This signed booklet comes from the archives of the Royal New Zealand Engineer Corps Memorial Centre. Click here to learn more about this important local resource.

Fundraising campaigns to help Belgium were widespread in New Zealand, including efforts in the Manawatu - illustrated here by the local branch of the Scandinavian Society. Newspapers of the time explain that the women wore national dress and sold 'egg coffee', a traditional Scandinavian recipe - named for the egg whites that were mixed in to remove the bitterness of the coffee. This coffee stall was part of a larger local initiative, including a jumble sale and many baked good stalls. Mayoress Elizabeth Nash was instrumental in fundraising for the Belgian Relief Fund, organising this and many other events for the cause.

NZhistory.net notes: "Many New Zealanders rallied to send assistance to Belgium when war broke out in 1914. Clothing, bedding and food were all sent to Belgium to assist those affected by the war. New Zealanders also made donations to the British and Belgian Relief Fund, based in London. By early 1915, New Zealanders had sent over £37,000 to London for Belgium – a contribution which, in the words of Belgian Minister Count de Laising, ‘is so deeply appreciated by my suffering countrymen, and will ever be remembered by them’.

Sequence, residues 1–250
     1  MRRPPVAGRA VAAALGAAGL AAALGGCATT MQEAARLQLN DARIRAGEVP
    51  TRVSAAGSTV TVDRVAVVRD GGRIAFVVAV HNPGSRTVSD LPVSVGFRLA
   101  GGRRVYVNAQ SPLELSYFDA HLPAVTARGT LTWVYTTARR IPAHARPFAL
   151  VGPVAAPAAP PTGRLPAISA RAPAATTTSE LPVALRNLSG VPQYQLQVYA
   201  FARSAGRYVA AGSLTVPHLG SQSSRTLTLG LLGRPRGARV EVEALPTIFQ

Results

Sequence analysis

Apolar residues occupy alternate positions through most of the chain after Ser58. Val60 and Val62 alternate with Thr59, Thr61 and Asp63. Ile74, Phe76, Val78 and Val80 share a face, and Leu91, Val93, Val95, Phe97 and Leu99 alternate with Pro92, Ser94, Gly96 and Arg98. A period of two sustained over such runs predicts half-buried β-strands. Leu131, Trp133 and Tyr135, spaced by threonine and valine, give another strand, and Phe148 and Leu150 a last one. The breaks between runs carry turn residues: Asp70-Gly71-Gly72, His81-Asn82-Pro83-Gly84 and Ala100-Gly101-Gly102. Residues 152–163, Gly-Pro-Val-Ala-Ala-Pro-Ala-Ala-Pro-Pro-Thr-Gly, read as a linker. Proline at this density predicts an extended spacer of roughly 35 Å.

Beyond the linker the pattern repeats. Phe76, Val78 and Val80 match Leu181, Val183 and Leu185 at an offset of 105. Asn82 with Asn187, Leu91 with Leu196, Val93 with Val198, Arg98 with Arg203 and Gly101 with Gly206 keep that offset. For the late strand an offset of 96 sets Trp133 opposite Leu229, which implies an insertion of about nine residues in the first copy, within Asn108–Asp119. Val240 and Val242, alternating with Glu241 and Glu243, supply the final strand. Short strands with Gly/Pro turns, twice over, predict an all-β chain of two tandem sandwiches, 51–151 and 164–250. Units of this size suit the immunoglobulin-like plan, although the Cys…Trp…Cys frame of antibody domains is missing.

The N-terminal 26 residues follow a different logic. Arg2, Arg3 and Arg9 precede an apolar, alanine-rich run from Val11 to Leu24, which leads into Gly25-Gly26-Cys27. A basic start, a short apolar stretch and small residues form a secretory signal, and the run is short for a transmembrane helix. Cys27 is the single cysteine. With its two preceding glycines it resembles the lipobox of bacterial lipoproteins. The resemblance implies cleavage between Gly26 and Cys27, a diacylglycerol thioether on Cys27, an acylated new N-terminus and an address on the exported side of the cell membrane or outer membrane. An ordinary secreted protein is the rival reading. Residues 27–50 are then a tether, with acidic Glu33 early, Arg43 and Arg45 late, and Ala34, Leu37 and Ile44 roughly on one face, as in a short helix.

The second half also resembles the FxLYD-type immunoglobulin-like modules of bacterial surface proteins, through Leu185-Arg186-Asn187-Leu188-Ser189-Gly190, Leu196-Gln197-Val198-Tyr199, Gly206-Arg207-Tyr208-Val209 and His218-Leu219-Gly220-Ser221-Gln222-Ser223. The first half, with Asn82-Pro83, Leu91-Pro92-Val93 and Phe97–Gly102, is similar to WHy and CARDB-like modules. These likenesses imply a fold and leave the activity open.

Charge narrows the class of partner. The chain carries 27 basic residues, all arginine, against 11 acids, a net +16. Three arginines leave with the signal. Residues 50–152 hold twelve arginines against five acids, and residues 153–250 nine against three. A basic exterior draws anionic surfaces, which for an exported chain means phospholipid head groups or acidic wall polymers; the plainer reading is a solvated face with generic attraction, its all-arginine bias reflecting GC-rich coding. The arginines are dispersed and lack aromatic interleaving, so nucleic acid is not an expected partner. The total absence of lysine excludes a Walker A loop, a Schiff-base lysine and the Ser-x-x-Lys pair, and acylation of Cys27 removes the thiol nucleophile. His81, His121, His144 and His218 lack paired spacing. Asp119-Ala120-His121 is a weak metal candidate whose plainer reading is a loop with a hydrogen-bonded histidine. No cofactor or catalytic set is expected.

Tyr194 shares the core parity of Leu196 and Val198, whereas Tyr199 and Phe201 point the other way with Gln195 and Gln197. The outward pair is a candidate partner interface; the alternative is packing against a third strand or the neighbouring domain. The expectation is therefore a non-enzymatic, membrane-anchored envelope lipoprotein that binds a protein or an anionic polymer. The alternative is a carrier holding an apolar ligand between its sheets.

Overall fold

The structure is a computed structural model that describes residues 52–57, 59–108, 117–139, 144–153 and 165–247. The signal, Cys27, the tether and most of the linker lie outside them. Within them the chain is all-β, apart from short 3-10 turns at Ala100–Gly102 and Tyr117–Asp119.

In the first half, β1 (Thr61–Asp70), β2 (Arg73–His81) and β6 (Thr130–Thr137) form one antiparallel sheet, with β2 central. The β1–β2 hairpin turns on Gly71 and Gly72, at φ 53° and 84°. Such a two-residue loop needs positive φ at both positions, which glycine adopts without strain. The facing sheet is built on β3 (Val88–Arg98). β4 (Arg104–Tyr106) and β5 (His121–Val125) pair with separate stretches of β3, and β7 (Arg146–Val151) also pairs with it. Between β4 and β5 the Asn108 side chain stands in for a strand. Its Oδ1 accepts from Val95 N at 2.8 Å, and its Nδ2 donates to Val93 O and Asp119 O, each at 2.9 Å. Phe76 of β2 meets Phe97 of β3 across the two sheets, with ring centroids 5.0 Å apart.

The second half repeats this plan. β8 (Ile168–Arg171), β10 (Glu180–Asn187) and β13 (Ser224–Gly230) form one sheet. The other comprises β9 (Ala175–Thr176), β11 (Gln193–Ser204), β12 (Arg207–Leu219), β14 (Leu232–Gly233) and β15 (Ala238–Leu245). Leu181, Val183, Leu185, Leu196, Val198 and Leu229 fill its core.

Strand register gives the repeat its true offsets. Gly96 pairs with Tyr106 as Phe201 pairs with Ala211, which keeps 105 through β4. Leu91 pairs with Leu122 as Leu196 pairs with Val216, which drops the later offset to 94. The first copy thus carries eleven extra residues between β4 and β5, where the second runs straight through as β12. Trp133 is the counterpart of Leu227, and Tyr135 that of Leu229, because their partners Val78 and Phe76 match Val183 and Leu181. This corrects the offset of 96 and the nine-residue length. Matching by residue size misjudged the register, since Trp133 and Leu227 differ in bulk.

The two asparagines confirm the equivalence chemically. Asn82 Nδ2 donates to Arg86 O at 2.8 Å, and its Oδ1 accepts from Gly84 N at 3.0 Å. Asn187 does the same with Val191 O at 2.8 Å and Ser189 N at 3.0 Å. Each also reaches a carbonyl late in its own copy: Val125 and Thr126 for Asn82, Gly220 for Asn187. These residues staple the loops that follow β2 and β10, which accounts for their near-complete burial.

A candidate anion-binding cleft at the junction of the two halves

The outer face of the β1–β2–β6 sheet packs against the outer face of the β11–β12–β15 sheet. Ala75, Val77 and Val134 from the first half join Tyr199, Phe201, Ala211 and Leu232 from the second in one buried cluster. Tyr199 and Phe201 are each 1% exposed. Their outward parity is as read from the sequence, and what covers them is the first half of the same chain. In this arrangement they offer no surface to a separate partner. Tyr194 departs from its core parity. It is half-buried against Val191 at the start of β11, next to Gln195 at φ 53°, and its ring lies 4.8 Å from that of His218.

Mayors in towns and cities set up relief funds to handle donations of goods and money for Belgium. Shops and workers sometimes pledged money weekly. In March 1915, Herbert Seaton’s Cut Rate Stores paid their sixth weekly instalment into the Wellington fund."
 

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